May 30, 1935 (Thursday)

May 31, 1935 (Friday)

References

  1. ^ a b c d e f Mercer, Derrik (1989). Chronicle of the 20th Century. London: Chronicle Communications Ltd. p. 452. ISBN 978-0-582-03919-3. 
  2. ^ a b "1935". MusicAndHistory. Archived from the original on August 28, 2012. Retrieved July 24, 2015. 
  3. ^ "Honor Jane Addams in World Broadcast in Interest of Peace". Chicago Daily Tribune. May 4, 1935. p. 8. 
  4. ^ "French Premier and Wife Hurt in Auto Smash". Chicago Daily Tribune. May 5, 1935. p. 8. 
  5. ^ "Omaha Wins the Kentucky Derby". Brooklyn Daily Eagle. May 5, 1935. p. 1. 
  6. ^ Wiskar, Nigel (August 21, 2013). "Flashback to coverage of the 1935 Cup Final when Castleford defeated Huddersfield". Daily Mirror. Retrieved July 24, 2015. 
  7. ^ "Greece Decrees Death Sentence for Venizelos". Chicago Daily Tribune. May 6, 1935. p. 6. 
  8. ^ Steele, John (May 7, 1935). "King's Jubilee Makes London Carnival Town". Chicago Daily Tribune. p. 1. 
  9. ^ "Italy Mobilizes 3 New Divisions". Brooklyn Daily Eagle. May 7, 1935. p. 1. 
  10. ^ "Mexico-Newark Record for Amelia". Chicago Daily Tribune. May 9, 1935. p. 1. 
  11. ^ Steele, John (May 10, 1935). "Britain Clamps Ban on Sale of Planes Abroad". Chicago Daily Tribune. p. 3. 
  12. ^ Steele, John (May 11, 1935). "British King and Queen Drive Out Among the Folks". Chicago Daily Tribune. p. 7. 
  13. ^ "Omaha Wins Preakness by 6 Lengths". Brooklyn Daily Eagle. May 12, 1935. p. 1. 
  14. ^ "Nazis Build Air Raid Cellars for Ministries". Chicago Daily Tribune. May 12, 1935. p. 1. 
  15. ^ Steele, John (May 13, 1935). "King and Queen Ride Through London's Slums". Chicago Daily Tribune. p. 6. 
  16. ^ "Tageseinträge für 13. Mai 1935". chroniknet. Retrieved July 24, 2015. 
  17. ^ "'Zion Protocols' Found False; 2 Nazis Convicted". Chicago Daily Tribune. May 15, 1935. p. 13. 
  18. ^ "Il Duce Warns All: Hands Off Ethiopian Feud". Chicago Daily Tribune. May 15, 1935. p. 1.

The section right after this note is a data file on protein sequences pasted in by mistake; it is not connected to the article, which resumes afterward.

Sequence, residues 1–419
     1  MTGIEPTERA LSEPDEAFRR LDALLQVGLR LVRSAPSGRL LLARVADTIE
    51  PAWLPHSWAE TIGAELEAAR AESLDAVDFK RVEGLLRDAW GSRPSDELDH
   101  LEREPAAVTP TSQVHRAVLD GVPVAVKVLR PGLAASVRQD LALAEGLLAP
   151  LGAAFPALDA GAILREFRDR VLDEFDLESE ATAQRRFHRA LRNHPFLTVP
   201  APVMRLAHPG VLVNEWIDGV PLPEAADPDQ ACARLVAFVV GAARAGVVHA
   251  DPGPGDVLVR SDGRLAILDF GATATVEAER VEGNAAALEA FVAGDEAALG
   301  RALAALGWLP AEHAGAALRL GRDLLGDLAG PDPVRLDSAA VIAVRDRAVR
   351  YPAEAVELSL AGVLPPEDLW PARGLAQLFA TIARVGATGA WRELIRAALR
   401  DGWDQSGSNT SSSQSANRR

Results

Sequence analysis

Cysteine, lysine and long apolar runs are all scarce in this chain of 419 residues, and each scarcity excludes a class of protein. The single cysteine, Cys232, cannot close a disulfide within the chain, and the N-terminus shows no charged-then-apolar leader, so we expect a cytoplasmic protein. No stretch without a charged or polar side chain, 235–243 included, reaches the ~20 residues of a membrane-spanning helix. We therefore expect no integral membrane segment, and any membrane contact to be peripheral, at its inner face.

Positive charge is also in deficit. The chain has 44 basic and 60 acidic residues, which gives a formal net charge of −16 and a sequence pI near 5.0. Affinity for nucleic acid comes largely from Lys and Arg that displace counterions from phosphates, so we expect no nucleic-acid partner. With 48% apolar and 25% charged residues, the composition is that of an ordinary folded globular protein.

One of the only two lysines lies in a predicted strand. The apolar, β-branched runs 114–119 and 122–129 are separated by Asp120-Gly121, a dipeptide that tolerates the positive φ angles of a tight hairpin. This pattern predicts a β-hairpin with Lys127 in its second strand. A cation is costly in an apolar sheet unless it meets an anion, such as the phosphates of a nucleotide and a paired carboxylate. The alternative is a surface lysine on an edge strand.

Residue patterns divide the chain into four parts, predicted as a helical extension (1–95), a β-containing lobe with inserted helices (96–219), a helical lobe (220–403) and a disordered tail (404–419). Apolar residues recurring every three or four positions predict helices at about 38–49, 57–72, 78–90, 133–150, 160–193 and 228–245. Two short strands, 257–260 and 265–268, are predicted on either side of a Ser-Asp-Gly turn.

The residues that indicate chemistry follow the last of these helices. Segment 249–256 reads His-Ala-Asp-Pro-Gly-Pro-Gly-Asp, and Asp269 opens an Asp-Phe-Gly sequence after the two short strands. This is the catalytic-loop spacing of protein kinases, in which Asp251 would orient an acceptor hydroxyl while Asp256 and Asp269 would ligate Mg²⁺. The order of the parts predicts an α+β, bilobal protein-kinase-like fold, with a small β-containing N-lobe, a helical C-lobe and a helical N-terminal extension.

19. ^ "Tageseinträge für 15. Mai 1935". chroniknet. Retrieved July 24, 2015. 
  20. ^ "Italians Demand New Control of Ethiopian Peril". Chicago Daily Tribune. May 16, 1935. p. 9. 
  21. ^ "Chronology 1935". indiana.edu. 2002. Retrieved July 24, 2015. 
  22. ^ Day, Donald (May 18, 1935). "Many Inured as 1,000,000 Poles Honor Pilsudski". Chicago Daily Tribune. p. 5. 
  23. ^ "Midair Crash of Giant Liner Kills 49". Brooklyn Daily Eagle. May 19, 1935. p. 1. 
  24. ^ Haine, Edgar A. (2000). Disaster in the Air. Cornwall Books. p. 281. ISBN 978-0-8453-4777-5. 
  25. ^ "Ethiopia Frees Serfs; Reply to Italian Thrust". Chicago Daily Tribune. May 19, 1935. p. 1. 
  26. ^ "Nazi Sentences Are Commuted". Brooklyn Daily Eagle. May 18, 1935. p. 1. 
  27. ^ "Bring England to Catholicism, Pope Pleads". Chicago Daily Tribune. May 20, 1935. p. 1. 
  28. ^ "Tageseinträge für 19. Mai 1935". chroniknet. Retrieved July 24, 2015. 
  29. ^ Taylor, Edmond (May 21, 1935). "Demands Italy Be Halted in Warlike Acts". Chicago Daily Tribune. p. 6. 
  30. ^ "Roosevelt Will Win In 1936, Babson's Survey Indicates". Brooklyn Daily Eagle. May 20, 1935. p. 3. 
  31. ^ a b "Hitler Offers 13 Point Plan to Calm Europe". Chicago Daily Tribune. May 22, 1935. pp. 1, 6. 
  32. ^ Richelson, Jeffery T. (1997). A Century of Spies: Intelligence in the Twentieth Century. Oxford University Press. p. 85. ISBN 978-0-19-511390-7. 
  33. ^ Steele, John (May 23, 1935). "Britain Replies to Hitler with Big War Program". Chicago Daily Tribune. p. 11. 
  34. ^ Peters, Gerbhard; Woolley, John T. "Veto of the Bonus Bill". The American Presidency Project. Retrieved July 24, 2015. 
  35. ^ "Bonus Would Destroy All Savings, Declares Roosevelt in his Veto". Brooklyn Daily Eagle. May 22, 1935. p. 1. 
  36. ^ "Germany Drafts War Babies Into New Army Nov. 1". Chicago Daily Tribune. May 23, 1935. p. 11. 
  37. ^ "Senate Sustains Roosevelt Bonus Veto, 54-40". Chicago Daily Tribune. May 24, 1935. p. 1. 
  38. ^ "Hitler Operate Upon Last Spring, Germany Reveals". Chicago Daily Tribune. August 26, 1935. p. 1. 
  39. ^ a b Görtemaker, Heike B. (2012). Eva Braun: Life With Hitler. New York: Vintage Books. pp. 93–94. ISBN 978-0-307-74260-5. 
  40. ^ "Heir to Danish Crown and Bride on Honeymoon". Chicago Daily Tribune. May 25, 1935. p. 20. 
  41. ^ Dyer, Mike (May 27, 2015). "Crosley Field hosted first night game 80 years ago Sunday". Cincinnati.com. Retrieved July 24, 2015. 
  42. ^ "Avert War Between Italy and Ethiopia". Chicago Daily Tribune. May 25, 1935. p. 1. 
  43. ^ Zerby, Jack. "May 25, 1935: Ruth smashes 3 homers in final hurrah". SABR Baseball Games Project. Society for American Baseball Research. Retrieved July 24, 2015. 
  44. ^ "Riot in France for New Regime; Demand General". Chicago Daily Tribune. May 26, 1935. p. 3. 
  45. ^ Henning, Arthur Sears (May 28, 1935). "Court Kills NRA and Codes". Chicago Daily Tribune. p. 1. 
  46. ^ "Tageseinträge für 27. Mai 1935". chroniknet. Retrieved July 24, 2015. 
  47. ^ Gaffney, Denis (March 23, 2009). "The Story of the Dionne Quintuplets". PBS. Retrieved July 24, 2015. 
  48. ^ "Riot in Africa; Rush Troops; 6 Natives Slain". Chicago Daily Tribune. May 30, 1935. p. 1. 
  49. ^ "Babe Ruth's Last Game, on May 30, 1935". Misc. Baseball. Retrieved July 24, 2015. 
  50. ^ "A Historical Sketch of Baker Bowl". Philadelphia Athletics. July 23, 2002. Retrieved July 24, 2015. 
  51. ^ "28 Known Dead as Floods Hit Western Area". Chicago Daily Tribune. June 1, 1935. p. 1.